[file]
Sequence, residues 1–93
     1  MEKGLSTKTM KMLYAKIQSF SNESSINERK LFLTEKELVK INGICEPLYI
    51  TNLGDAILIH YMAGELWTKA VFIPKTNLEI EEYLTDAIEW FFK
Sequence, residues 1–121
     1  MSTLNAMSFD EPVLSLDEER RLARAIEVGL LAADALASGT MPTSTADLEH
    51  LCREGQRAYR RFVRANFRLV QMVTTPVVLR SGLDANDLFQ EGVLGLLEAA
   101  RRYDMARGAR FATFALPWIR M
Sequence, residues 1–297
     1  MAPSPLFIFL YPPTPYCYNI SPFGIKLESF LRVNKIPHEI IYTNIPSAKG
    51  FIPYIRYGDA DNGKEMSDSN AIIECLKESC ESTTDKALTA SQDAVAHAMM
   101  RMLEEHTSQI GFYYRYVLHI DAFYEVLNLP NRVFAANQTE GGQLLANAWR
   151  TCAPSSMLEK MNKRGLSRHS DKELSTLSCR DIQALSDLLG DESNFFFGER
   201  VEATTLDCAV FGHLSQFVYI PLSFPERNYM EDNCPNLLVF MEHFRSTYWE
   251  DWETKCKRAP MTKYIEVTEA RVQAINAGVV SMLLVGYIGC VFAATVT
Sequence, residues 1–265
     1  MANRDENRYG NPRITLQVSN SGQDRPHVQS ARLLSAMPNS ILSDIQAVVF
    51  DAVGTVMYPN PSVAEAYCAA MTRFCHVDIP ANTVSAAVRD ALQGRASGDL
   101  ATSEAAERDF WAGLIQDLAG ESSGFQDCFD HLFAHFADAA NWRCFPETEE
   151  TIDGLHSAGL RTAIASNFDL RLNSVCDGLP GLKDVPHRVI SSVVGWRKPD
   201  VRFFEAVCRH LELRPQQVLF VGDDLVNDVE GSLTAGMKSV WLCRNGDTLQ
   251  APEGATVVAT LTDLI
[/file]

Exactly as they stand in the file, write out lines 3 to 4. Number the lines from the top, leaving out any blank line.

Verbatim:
    51  TNLGDAILIH YMAGELWTKA VFIPKTNLEI EEYLTDAIEW FFK
Sequence, residues 1–121